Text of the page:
Many in the media report on “medication abortion” as a type of abortion administered by pill, as distinct from surgical abortion. But, in more recent reports regarding a California law, news outlets are now using the phrase “abortion medication.”
It’s wording that shouldn’t be taken lightly; abortion is anything but medication.
The phrase surfaced when California's Democratic governor, Gary Newsom, signed S.B. 24, or the “College Student Right to Access Act” on October 11. The legislation requires “each student health care services clinic on a California State University or University of California campus to offer abortion by medication techniques” beginning in 2023.
While the law itself didn’t say “abortion medication,” it deemed abortion a necessity and, even, a good thing.
The law stressed the importance of minimizing “the negative impact of health concerns on students’ studies and to facilitate retention and graduation” and that “having early, accessible care can help them stay on track to achieve their educational and other aspirational life plans.”
In other words, the law read, women need abortions. But nothing is more demeaning than to suggest that a woman’s success depends on ending another’s life. Instead, law and society should strive to empower women to be successful while, at the same time, accommodating for and appreciating their unique ability to grow a human person.
The media also elevated abortion, but as a medication – a cure for a disease.
On October 11, ABC News published an Associated Press piece with the headline, “California to require abortion medication at public colleges.”
Likewise, NBC News posted the Associated Press report with a similar headline: “California will require public colleges to stock abortion medication.”
“California will be the first state to require abortion medication on college campuses,” the piece read, before noting that the “medication is an option for women who are less than 10 weeks pregnant.”
That same day, CBS News’ headline read, “California becomes first state to require access to abortion medication at public colleges.”
“[A]ll 34 University of California and California State University systems will need to provide the medication,” wrote Sophie Lewis.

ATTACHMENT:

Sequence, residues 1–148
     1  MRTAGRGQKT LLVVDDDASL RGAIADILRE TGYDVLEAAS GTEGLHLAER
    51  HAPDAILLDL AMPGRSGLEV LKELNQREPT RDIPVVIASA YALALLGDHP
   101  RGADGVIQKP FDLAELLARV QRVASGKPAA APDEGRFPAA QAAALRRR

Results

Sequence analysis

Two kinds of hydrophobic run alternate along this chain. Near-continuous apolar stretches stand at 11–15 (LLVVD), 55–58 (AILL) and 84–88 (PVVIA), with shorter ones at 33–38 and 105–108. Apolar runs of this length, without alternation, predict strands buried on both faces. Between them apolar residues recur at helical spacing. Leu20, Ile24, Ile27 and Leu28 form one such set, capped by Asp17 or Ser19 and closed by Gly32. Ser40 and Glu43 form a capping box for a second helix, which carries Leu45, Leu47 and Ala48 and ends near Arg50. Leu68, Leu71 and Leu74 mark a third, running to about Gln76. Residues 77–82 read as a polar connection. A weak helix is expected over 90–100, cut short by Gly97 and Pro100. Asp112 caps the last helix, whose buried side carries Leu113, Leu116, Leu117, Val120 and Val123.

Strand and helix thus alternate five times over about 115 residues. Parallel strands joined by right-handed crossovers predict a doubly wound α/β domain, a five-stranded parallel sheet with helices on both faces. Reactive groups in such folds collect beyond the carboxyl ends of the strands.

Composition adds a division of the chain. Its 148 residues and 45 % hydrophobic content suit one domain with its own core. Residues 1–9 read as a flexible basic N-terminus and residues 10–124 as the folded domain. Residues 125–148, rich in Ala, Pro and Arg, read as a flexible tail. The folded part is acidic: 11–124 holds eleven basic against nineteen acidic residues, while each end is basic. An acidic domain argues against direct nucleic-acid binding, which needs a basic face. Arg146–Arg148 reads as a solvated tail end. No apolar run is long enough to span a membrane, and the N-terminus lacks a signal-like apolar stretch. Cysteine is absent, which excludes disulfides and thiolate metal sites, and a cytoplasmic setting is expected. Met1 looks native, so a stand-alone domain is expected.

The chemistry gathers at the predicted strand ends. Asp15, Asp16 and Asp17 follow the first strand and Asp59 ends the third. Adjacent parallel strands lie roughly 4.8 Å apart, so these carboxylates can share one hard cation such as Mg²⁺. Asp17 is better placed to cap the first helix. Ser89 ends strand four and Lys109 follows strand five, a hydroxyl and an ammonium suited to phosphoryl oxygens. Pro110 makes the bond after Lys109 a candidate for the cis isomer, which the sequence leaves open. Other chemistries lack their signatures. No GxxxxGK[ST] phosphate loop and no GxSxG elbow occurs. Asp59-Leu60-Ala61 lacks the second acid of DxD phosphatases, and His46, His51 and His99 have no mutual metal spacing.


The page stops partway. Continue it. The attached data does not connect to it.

She continued to call abortion “medication” throughout the piece.
“Supporters argued centers are difficult to access for students without cars and the cost of the medication could be out of reach for many,” she added, before pointing to how one study “also found the average cost of the medication was $604.”
Women’s sites like Refinery29 also joined in.
Writer Alejandra Salazar emphasized that “California will be the first state in the U.S. to require access to abortion medication on its public university campuses” on October 12.
“Supporters of the SB-24 say this bill supports many students, especially low-income and first-generation students who are unable to pay for the medication” and lack transportation, she wrote.
She called abortion “medication” a second time when she added, “The average cost of medication was $604.”
Bustle chimed in on October 17. Referencing a Los Angeles Times piece, writer Carolyn de Lorenzo stressed that “abortion medication aborts a fertilized egg.”
But abortion, even an early one by pill, sounds nothing like medication. Instead, according to dictionaries like Merriam-Webster, medication is a “substance used in treating disease or relieving pain.”
Abortion is neither.
An obstetrician-gynecologist who once performed more than 1,200 abortions, collaborated with pro-life group Live Action in 2016 to describe abortion procedures. In one video, Dr. Anthony Levatino details the “two steps” of medication abortion.
“At the abortion clinic or doctor’s office, the woman takes pills which contain Mifepristone,” or RU-486, he said. RU-486 blocks the hormone progesterone, which causes the “lining of the mother’s uterus” to break down, “cutting off blood and nourishment to the baby.”
For the next step, the woman takes Misoprostol, or Cytotec, a day or two later. Together, he continued, RU-486 and Misoprostol “cause severe cramping, contractions, and often heavy bleeding to force the dead baby out of the woman’s uterus.”
“The process can be very intense and painful,” he warned, “and the bleeding and contractions can last for a few hours to several days.” Oftentimes, he said, the woman will “sit on a toilet as she prepares to expel the child which she will then flush.”
But before that takes place, “she may even see her dead baby.” If the abortion takes place at nine weeks, he said, the baby “will be almost an inch long” and the woman “might be able count the fingers and toes.”
The purpose of healthcare – medicine – is to save lives. But the purpose of abortion is to end them.